Clear as day
Day and night are the classic examples of completely intertwined and inseparable entities “as day follows night” is the expression to use when talking about inevitable sequences.
Allah makes that a sign to remeber him with when he says:
وَهُوَ الَّذِي جَعَلَ اللَّيْلَ وَالنَّهَارَ خِلْفَةً لِّمَنْ أَرَادَ أَن يَذَّكَّرَ أَوْ أَرَادَ شُكُورًا
(الفرقان : 62)
And it is he who made day and night a succession for whomever wanted to seek remembrance or wanted to show thanks
(Al-Furqan : 62)
But they also are the classic counterparts, “different as day and night” isn’t a saying for no reason!
Day is the time for activities and getting things done, while night is the time to take a breath and have some rest.
Day is the time where things are clear cut and defined. While night always has a sense of obscurity and mystery to it.
Allah classifies this stark difference between the two as a blessing to be thanked when he says:
اللَّهُ الَّذِي جَعَلَ لَكُمُ اللَّيْلَ لِتَسْكُنُوا فِيهِ وَالنَّهَارَ مُبْصِرًا ۚ إِنَّ اللَّهَ لَذُو فَضْلٍ عَلَى النَّاسِ وَلَٰكِنَّ أَكْثَرَ النَّاسِ لَا يَشْكُرُونَ
(غافر : 61)
Allah who made for you night to rest and be serene within and day visible and clear. Indeed Allah has bestowed great favour upon the people, but most people don’t thank
(Ghafir : 61)
Those differences are however turned upside-down during this holy month of Ramadan, where fasting restricts eating and drinking to night-time only, and night prayer is encouraged. Meanwhile a good chunk of daytime that was occupied by meals is suddenly liberated.
That’s to say, the day is now dedicated to more passive acts (fasting, the “act” of not eating and not drinking). While night becomes the time where active action is to be taken (prayer, Quran, invocations and supplications).
The night is blessed
Being a time of rest and serenity, the night is especially well-adapted to spiritual breakthroughs and getting closer to one’s creator, and thereby better understanding one’s self.
It is in the last third of the night where Allah looks down at his servants to see who amongst them is up and supplicating him. So he gives whomever is asking for a thing, and forgives whomever is asking for forgiveness (Bukhari 1145).
While all that is true all throughout the year. Combined with the fact that devils are cuffed in Ramadan (Tirmidhi 682) and can’t act on us makes this effect of serenity even more potent. It isn’t for nothing that the Prophet ﷺ promised a person who prays the nights of Ramadan out of faith and seeking reward complete absolution of all previous sin (Muslim 759).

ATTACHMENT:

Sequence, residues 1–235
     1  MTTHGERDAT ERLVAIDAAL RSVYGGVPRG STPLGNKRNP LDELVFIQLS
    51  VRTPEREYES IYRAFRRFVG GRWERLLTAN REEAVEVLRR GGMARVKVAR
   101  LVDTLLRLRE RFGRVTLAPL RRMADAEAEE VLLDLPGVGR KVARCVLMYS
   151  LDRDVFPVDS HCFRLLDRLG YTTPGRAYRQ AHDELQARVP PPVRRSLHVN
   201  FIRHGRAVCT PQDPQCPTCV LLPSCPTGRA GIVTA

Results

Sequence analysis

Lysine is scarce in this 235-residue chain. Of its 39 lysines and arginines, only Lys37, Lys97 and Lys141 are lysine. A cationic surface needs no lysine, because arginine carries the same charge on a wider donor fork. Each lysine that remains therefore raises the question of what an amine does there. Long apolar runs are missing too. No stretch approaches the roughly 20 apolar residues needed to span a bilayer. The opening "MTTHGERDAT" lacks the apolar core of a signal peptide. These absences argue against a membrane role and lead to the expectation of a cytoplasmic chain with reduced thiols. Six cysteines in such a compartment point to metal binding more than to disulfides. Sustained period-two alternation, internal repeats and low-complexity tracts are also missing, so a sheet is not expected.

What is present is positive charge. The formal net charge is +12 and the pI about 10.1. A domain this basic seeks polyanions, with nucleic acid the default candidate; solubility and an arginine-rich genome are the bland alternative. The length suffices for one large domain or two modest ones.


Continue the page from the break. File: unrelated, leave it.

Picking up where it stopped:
A prophetic habit
Our mother ‘Aisha, the closest person to the Prophet ﷺ, narrates that he had the habit of praying in the last part of the night, meaning he would go to sleep and then wake up to pray (Nasa’i 1600).
She also narrates that he never prayed more than 11 Rak’as in night prayer, but that he used to read long passages of Quran in each of them (Bukhari 1147).
When asked about how to pray the night the Prophet ﷺ answered: “2 Rak’as at a time, and when you fear that dawn may come upon you then make it an odd number with a single one” (Bukhari 472)
A unique opportunity
This Ramadan is special in more than one way, we are forced by circumstances to stay home, we have way less social obligations (if any), we don’t have to go to class or to work, the online courses are recorded and can be consulted later, we don’t even have to go pray Tarawih (technically we never did, but now we actually can’t).
Our daily schedule is completely flexible then and up to us to redefine as we see fit. The fact that this coincides with Ramadan presents a special opportunity to fully take advantage of the day-night shift. We can completely shift our sleeping hours and experiment with schedules that will let us profit as much as possible from the blessed last third of the night, a chance to retrace the steps of the Prophet ﷺ in this regard imitate his doing, a chance to get closer and closer to Allah.
It is even a chance to see if we can push ourselves to adopt such a schedule for the rest of the year, or at least for a good portion of the year.
So take the chance that this month presents, and try to push your limits to gain as much out of Ramadan as you can.